The European Chemicals Agency (ECHA) has warned of the major impact on British plastics chemical suppliers and their trading partners in Europe, if the United Kingdom pushes ahead with quitting the European Union (EU) as planned, on March 29, 2019.
It has released a database seeking to advise chemical producers of how their legal obligations will change. ECHA warns British companies: “If your business is in any way part of a supply chain that links you to businesses located within the 27 EU member states remaining after the U.K.'s withdrawal, you will face some fundamental changes.”
Importantly, U.K.-based suppliers of any plastics chemicals and additives (monomers are usually registered, but not polymers) will have an obligation by May 2018 to register chemicals under EU chemical control system REACH that are made or imported in annual quantities of between 1 and 100 metric tons. On March 29, those registrations will become null and void, following a Brexit.
As a result, their customers based in the EU or the European Economic Area — or EEA countries of Norway, Iceland and Liechtenstein — may have to re-register such chemicals themselves if they want to continue buying them from the British supplier that registered them in the first place.
There are two other options, said the ECHA outlines. The British chemical manufacturer will have to relocate to the remaining EU or EEA or appoint what is called an "Only Representative" within the remaining EU/EEA. That company or person would be authorized to make the relevant filing under REACH and be legally responsible for ensuring a British exporter complies with EU rules.
Also, there are significant changes where a U.K. company was a lead registrant for registrations of chemicals involving other companies, including those in the remaining EU. After Brexit, these registrations would also expire, warned ECHA, and companies wanting to ensure their products can be legally sold under REACH would have to appoint a new lead registrant.
There is also potential serious concern over the use of chemicals that are sufficiently toxic that they require a special REACH authorization to be used in the EU market. These are held by the companies supplying such chemicals. Where these are British, then after Brexit, said ECHA, “the respective REACH Authorization will lose its legal effect with the date of the U.K. withdrawal” and so the EU purchaser will not be able to buy these chemicals from this British supplier.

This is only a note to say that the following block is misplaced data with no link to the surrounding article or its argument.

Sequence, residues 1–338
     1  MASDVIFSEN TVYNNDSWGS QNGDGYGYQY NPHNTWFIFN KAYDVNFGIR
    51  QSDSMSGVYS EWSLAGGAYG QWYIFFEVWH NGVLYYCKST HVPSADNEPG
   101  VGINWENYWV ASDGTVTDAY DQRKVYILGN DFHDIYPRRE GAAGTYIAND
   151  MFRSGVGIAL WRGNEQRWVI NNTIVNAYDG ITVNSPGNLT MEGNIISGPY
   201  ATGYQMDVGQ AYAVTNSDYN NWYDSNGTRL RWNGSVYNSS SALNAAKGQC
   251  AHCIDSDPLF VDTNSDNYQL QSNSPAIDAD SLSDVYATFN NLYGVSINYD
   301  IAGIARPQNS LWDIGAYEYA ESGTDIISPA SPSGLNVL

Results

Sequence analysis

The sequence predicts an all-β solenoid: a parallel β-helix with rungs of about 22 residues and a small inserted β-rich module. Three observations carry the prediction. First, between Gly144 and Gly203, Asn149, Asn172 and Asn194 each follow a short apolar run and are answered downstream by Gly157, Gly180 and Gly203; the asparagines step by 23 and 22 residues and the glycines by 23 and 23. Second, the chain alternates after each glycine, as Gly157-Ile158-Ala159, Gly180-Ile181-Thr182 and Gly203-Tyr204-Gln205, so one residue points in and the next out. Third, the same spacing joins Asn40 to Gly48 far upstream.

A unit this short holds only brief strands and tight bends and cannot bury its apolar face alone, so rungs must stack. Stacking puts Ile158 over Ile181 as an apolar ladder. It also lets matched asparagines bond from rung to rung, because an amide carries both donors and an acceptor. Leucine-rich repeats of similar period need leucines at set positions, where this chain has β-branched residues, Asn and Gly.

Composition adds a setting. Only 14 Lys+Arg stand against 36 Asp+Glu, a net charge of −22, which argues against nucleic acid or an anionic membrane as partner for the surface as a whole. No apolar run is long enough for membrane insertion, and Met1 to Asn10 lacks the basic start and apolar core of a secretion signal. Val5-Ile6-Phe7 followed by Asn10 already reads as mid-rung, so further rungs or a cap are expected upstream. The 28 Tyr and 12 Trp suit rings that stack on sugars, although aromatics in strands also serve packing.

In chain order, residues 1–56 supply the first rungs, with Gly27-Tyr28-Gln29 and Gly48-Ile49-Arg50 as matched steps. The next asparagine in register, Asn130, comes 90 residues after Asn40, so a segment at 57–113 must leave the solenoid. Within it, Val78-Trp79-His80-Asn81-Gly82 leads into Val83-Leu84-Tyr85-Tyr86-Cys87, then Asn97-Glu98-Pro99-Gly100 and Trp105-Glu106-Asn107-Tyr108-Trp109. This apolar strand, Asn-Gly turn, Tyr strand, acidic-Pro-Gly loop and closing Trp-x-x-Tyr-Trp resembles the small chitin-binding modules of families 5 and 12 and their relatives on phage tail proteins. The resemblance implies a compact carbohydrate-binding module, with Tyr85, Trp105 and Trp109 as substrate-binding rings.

Any buyer of such chemicals in the remaining EU or EEA will have “to assure yourself that you or one of your upstream suppliers based in the EU has obtained a REACH Authorization for the respective use of the substance, taking the place of your UK-based business partner,” said ECHA. The agency has confirmed to Plastics News Europe that Rolls-Royce plc has obtained an authorization to sell plasticiser DEHP (di(2ethylhexyl) phthalate), for example.
Another potential risk for U.K. companies is over biocides. The EU is undertaking a review of all biocidal chemicals used in Europe, to check their safety, under the EU's biocidal products regulation (BPR).
Bernhard Reith, purchasing manager for international plastics supplier, Austria-based Lenzing Plastics, warned that “it will not be a problem to find a continental Europe replacement” to British suppliers of plastics ingredients. And while “import regulations can be modified on demand within the U.K. relatively quickly” to ease imports into Britain of plastics and ingredients, for some continent-wide plastics trade issues affecting the U.K., “finding a solution with all EU participants on certain topics might be much harder,” he predicted.
Such problems could be a real headache for industries such as the auto sector who have multiple plastics components, whose processing might happen in two or three different plants, maybe in different European countries, including the UK.
Mike Hawes, the chief executive of the Society of Motor Manufacturers and Traders (SMMT), the trade association representing more than 700 automotive companies in the U.K., said: “Brexit is the greatest challenge of our times.” He noted that an average car is made up of around 30,000 components, “each crossing borders multiple times before the final vehicle is assembled.”
As it stands, other EU member states supply 56 percent of auto industry components used or processed in the U.K.